Bob Chatham Answers My Visual Sciences Post

January 16, 2007

After the Emetrics Summit in October, I wrote this post about Visual Sciences. Soon afterwards, Bob Chatham (who was then the CMO of VS and is now SVP – Education for purchaser Web Side Story) wrote replies to all of my comments. And there they sat for almost three months, in my inbox. (I have no excuses other than work and family — but better late than never.) My comments from the original post are in italics and Bob’s should be indented:

Yesterday at the eMetrics Summit, I saw a one-hour demo of Visual Sciences. The “demo-er” was Bob Chatham, their CMO. It is incredibly awesome.

[BC] Thank you, I have to agree it’s why I came to the company. It took me three or four demos just to believe that it’s real

I walked into the presentation knowing that the product is black and probably visual. I walked out trying to figure out why, beyond budget, companies would choose a different solution if they could choose Visual Sciences. (I did come up with some, see the bottom of this post.)

[BC] Don’t worry, there’s a white-background version for “executives.” We just picked black based on UI research that shows that it’w easier to stare at a black background for long periods.

Even budget shouldn’t be an issue with a properly-sized system considered over a 3-year period. The TCO [total cost of ownership] usually works in our favor given the capabilities and expansion headroom. But you have to be willing to look beyond the short-term 1-year CPM rates that most ASPs charge.

I won’t speak much to the implementation or technology. Among other reasons, you can’t easily put them in a box. They aren’t a client-side solution (you pretty much have to have software), but they sure aren’t an old-fashioned logfile solution either. Instead, I want to speak just to the features/benefits.

[BC] Actually, we *are* a client-side solution…and a server-side one…and a hybrid of both, if you want. I’m assuming that you’re talking about data collection methods here. We can use just JavaScript tags like any other ASP solution, or combine tags with logfiles or server-side collection based on Visual Sensor. If you’re speaking about deployment/ownership models, there’s a lot of latitude here as well. While the majority of our clients choose licensed software deployed behind their firewalls (about 2/3 of the customer base) the rest are either using our managed services (they own the software/hardware, we run/operate it on our premises or theirs), or an ASP-like setup where they effectively pay a CPM charge. There’s no political statement here about one being better than the other, just an ability to accommodate a client’s data collection and deployment requirements.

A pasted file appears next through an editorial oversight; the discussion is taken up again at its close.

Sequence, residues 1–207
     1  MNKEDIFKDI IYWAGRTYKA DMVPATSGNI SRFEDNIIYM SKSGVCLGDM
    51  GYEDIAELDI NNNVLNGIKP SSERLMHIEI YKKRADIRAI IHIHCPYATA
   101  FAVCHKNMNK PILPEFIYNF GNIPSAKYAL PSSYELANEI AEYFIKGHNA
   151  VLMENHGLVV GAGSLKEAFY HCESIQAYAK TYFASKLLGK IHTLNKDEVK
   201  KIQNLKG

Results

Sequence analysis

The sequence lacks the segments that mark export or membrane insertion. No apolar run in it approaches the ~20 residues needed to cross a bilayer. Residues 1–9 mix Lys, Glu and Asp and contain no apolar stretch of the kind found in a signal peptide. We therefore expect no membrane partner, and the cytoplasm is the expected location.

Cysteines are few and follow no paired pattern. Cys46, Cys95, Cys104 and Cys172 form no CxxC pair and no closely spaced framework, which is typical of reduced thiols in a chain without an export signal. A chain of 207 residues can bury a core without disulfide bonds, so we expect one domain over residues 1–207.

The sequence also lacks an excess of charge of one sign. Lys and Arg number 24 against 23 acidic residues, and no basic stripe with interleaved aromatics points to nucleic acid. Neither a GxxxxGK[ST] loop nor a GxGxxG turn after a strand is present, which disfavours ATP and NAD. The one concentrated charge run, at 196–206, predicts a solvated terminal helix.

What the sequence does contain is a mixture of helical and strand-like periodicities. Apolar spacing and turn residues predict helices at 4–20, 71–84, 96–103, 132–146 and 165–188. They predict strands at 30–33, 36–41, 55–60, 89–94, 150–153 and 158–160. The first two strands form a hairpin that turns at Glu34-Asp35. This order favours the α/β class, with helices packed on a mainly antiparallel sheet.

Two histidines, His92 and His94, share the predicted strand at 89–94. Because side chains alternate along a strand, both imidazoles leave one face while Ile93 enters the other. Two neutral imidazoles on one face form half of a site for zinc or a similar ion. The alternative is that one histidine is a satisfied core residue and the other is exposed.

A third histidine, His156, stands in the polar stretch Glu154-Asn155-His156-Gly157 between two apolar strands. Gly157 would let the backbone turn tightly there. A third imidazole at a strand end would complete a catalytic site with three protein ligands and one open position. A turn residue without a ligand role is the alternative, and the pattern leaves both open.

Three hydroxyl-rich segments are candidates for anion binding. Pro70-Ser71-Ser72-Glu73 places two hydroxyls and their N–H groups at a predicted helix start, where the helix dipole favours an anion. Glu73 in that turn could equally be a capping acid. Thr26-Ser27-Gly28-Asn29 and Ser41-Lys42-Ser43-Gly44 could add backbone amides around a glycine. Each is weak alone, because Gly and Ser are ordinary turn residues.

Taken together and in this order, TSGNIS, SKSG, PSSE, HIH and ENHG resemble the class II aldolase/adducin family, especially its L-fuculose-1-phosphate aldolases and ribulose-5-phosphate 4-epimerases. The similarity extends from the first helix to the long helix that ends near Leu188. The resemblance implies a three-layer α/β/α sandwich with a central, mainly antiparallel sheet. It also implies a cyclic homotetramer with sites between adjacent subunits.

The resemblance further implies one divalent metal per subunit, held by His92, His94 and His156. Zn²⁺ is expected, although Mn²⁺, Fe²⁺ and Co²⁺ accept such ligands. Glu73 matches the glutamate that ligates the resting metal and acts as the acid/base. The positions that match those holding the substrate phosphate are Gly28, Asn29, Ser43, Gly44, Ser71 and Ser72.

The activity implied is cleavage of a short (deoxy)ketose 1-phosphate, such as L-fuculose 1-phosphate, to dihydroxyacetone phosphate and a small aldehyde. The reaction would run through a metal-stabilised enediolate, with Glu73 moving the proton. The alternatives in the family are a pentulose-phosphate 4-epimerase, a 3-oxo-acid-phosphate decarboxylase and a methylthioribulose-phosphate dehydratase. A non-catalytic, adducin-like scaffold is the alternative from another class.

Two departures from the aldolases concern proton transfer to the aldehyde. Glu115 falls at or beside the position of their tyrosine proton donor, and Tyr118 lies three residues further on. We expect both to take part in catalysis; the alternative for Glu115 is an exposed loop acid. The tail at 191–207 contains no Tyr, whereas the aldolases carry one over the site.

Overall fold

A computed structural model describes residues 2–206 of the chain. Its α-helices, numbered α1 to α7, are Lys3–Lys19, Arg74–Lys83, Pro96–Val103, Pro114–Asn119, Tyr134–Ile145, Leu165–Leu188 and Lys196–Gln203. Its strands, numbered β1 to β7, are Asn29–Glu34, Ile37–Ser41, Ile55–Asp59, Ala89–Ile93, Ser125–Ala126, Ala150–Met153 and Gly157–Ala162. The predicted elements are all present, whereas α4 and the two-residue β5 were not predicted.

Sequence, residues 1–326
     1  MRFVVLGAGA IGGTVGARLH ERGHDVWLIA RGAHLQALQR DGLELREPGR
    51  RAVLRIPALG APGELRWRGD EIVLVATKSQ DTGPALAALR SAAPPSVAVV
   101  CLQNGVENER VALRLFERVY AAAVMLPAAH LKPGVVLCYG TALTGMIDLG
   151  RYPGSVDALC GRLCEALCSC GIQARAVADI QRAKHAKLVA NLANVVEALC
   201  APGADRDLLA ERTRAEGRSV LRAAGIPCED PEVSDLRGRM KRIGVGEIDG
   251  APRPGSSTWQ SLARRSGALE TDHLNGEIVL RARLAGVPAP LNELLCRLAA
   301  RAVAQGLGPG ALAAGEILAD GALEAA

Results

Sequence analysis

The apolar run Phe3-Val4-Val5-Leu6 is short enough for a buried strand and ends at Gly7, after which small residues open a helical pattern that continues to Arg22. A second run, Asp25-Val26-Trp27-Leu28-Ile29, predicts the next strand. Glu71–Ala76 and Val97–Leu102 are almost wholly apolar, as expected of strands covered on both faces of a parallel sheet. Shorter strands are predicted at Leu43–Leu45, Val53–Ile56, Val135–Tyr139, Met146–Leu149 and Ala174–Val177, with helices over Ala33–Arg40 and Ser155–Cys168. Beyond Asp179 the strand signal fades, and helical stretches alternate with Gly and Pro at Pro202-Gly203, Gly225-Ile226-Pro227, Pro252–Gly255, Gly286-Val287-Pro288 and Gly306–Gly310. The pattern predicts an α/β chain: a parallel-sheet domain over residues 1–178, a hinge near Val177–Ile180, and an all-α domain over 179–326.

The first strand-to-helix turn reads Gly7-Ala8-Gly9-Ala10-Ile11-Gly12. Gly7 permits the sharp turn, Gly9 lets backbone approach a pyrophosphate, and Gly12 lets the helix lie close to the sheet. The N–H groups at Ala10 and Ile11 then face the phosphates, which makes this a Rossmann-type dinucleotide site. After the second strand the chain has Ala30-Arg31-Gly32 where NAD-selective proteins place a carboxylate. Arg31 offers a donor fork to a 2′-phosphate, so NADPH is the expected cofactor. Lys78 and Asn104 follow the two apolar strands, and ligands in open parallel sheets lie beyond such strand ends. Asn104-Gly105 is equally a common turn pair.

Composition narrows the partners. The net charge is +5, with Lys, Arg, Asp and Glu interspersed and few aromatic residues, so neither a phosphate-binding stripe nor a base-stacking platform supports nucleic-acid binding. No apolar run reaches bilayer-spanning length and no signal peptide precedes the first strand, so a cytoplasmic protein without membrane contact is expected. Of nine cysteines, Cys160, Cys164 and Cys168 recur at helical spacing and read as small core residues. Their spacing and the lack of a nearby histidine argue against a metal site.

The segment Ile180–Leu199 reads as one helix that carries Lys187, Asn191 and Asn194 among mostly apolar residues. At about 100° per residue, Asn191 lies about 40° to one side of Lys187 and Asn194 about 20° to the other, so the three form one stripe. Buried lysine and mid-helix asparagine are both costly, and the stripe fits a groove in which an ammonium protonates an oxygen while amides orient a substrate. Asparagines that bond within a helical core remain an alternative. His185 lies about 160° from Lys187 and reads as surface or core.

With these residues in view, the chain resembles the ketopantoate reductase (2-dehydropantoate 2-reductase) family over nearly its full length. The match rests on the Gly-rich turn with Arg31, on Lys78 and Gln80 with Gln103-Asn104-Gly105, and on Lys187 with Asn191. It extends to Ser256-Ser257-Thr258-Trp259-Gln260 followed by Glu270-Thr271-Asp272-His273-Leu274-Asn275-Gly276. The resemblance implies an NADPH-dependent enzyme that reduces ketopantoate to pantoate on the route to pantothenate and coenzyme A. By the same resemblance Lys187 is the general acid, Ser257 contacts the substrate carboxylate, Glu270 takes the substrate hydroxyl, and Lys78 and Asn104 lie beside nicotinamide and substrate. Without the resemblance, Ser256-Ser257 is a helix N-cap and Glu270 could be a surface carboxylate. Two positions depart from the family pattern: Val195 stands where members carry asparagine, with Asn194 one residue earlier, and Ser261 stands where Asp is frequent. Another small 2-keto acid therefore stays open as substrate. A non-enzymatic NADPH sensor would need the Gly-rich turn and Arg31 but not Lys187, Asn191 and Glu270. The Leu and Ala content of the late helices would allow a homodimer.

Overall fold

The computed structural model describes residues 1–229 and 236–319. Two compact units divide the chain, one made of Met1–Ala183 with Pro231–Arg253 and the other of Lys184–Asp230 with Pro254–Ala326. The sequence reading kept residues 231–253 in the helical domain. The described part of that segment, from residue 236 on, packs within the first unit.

First, they have developed the capability (a “visual sensor”) to capture data from all sorts of sources, not just the web. RFID, bar codes, text files, call center logs all qualify. So it is no longer just a web analytic package, it becomes a total analytic solution. I don’t think they like the phrase 360 degree view, but if that isn’t a 360, what is?

[BC] It's really a combination of Visual Sensor (for real-time event collection at the source, e.g., a web server) and Visual Load (for importing log files, campaign codes/costs, lookup tables, etc.) that builds the 360-degree view. The customer has to supply the common key across the sources so that we can join them (we don’t provide data scrubbing or matching services, but others, like Group One Software, Axciom, or Experian do).